# Distinguishing Contrived NumbersAugust 7, 2010 10:10 AM   Subscribe

A few years ago, I read that there is a mathematical method for discovering whether numerical data is contrived or random. There are interesting real-world uses for this, e.g. the IRS was considering it to flag returns where the amounts (e.g. listed deductions such as auto mileage) seemed contrived. I'm not explaining it very well (if I could explain it better, I'd have been able to Google it!), but I'm wondering if anyone can pin this down for me.
posted by Quisp Lover to Science & Nature (29 answers total) 20 users marked this as a favorite

posted by dws at 10:12 AM on August 7, 2010 [2 favorites]

posted by hjd at 10:13 AM on August 7, 2010

Response by poster: Thanks.

Was that perfect synchronicity a meta joke? ;)
posted by Quisp Lover at 10:15 AM on August 7, 2010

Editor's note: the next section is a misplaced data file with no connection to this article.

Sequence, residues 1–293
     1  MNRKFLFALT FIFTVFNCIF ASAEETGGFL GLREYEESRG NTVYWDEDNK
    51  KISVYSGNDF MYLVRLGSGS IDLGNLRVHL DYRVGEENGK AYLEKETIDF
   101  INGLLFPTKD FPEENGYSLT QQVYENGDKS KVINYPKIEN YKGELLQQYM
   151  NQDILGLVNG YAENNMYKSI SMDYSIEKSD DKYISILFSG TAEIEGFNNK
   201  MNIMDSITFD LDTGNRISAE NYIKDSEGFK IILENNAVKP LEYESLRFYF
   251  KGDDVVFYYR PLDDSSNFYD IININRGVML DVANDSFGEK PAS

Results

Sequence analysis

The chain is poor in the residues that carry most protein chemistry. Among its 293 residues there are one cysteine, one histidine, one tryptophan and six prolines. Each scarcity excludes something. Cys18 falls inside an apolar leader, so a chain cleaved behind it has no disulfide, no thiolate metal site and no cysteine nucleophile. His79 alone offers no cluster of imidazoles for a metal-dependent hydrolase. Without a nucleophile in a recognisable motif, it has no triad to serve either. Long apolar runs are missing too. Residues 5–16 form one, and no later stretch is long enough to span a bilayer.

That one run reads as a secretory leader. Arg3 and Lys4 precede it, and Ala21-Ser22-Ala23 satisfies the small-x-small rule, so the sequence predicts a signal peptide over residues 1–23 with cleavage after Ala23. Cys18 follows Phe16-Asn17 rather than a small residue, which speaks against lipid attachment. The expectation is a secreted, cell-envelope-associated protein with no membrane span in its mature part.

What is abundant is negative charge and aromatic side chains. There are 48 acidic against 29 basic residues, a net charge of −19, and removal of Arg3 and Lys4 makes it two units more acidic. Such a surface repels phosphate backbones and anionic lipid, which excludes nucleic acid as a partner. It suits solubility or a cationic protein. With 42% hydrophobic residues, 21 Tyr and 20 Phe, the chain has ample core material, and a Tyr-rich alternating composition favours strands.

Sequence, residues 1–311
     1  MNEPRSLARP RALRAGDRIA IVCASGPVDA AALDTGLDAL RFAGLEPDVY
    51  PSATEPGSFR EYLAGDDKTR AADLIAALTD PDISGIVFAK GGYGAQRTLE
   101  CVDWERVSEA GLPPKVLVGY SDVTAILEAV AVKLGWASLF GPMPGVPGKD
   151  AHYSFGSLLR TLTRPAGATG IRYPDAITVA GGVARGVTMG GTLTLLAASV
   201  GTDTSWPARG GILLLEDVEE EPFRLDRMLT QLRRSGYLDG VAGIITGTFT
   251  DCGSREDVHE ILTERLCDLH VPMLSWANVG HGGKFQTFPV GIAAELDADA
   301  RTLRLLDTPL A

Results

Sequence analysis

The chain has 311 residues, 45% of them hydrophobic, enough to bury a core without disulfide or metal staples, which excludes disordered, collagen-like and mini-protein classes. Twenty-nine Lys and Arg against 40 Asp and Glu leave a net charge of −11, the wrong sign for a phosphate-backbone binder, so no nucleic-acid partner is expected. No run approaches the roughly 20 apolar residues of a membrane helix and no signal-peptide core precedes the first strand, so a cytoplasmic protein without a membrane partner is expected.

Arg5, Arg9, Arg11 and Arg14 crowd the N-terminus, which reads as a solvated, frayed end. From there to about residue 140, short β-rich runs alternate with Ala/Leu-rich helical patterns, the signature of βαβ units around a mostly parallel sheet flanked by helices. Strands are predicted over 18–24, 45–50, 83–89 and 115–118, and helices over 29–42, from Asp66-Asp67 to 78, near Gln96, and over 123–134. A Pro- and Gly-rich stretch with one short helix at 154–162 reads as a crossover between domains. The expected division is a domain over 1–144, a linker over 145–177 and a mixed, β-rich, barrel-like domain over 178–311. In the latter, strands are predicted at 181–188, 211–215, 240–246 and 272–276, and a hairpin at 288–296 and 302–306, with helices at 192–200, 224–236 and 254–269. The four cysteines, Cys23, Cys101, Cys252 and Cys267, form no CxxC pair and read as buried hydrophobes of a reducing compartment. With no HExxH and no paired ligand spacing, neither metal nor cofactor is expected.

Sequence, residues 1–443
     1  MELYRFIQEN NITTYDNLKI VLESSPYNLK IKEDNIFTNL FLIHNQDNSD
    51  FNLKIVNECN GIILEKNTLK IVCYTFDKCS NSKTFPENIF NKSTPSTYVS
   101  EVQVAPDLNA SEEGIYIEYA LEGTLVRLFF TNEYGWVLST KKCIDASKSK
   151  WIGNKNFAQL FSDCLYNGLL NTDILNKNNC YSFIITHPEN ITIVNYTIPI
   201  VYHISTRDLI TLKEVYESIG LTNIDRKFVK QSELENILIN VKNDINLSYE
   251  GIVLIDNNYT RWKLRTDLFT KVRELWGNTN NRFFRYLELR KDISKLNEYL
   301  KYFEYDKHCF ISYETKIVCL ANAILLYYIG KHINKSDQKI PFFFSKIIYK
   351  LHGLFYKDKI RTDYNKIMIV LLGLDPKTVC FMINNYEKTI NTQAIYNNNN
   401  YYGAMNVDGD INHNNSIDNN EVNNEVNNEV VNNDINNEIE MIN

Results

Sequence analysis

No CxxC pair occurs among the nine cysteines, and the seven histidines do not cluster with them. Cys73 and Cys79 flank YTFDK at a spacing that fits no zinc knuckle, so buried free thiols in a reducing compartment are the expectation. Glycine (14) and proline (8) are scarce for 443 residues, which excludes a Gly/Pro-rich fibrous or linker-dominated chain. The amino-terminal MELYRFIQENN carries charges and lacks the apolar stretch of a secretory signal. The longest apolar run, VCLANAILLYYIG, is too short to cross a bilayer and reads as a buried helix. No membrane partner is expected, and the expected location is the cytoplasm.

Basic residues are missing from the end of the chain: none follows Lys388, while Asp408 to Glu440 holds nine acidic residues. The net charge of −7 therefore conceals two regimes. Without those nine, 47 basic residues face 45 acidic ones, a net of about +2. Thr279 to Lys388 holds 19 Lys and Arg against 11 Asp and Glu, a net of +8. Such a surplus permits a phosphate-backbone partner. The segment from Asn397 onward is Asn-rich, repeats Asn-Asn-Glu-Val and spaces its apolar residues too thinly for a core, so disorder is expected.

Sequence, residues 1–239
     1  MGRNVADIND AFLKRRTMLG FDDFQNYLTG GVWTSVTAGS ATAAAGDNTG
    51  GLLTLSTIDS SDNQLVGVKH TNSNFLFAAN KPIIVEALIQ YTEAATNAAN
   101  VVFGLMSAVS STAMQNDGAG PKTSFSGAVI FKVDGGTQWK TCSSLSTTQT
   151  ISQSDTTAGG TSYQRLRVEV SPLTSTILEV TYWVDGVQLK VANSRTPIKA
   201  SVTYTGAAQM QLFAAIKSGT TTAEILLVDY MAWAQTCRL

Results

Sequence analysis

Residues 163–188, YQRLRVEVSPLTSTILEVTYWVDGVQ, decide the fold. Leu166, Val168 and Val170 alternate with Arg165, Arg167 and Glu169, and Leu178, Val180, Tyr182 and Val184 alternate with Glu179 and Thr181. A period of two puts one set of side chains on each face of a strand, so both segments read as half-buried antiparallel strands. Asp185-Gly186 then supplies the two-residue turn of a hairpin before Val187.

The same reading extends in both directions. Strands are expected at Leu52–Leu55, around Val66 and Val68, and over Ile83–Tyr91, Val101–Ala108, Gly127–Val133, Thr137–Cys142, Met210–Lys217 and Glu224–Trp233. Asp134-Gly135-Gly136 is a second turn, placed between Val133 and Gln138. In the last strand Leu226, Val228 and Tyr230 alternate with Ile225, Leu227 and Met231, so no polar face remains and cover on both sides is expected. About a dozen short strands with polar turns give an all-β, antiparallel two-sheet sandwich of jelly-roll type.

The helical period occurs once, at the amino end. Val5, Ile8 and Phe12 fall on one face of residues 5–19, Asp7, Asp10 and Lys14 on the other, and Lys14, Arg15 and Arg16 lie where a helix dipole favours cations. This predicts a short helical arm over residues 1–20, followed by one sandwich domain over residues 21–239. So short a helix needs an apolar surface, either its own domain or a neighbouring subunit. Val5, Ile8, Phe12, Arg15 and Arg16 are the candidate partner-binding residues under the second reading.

Response by poster: Wonder what's on that wikipedia page that consistently crashes Safari?
posted by Quisp Lover at 10:18 AM on August 7, 2010

By the way, I couldn't remember the name of the law off the top of my head either. In case you're curious about what Google-fu to use, I Googled number fraud random to find it.
posted by hjd at 10:21 AM on August 7, 2010

Quisp Lover -- Nothing on that Safari page crashes my Safari. (5.0.1 on SL)
posted by Brian Puccio at 10:28 AM on August 7, 2010

A bit more esoteric, but Zipf's Law is also used in fraud detection. It relates to Benford's Law.
posted by dws at 10:30 AM on August 7, 2010

I read the page. I understand the concept at a 20,000 ft level. Can anyone explain it in words using an example? This is really interesting.
posted by JohnnyGunn at 10:32 AM on August 7, 2010

JohnnyGunn: Hal Varian's article talks about its application in fraud investigations:
Benford's law is quite counterintuitive; people do not naturally assume that some digits occur more frequently. None of the check amounts was duplicated; there were no round numbers; and all the amounts included cents. However, subconsciously, the manager repeated some digits and digit combinations.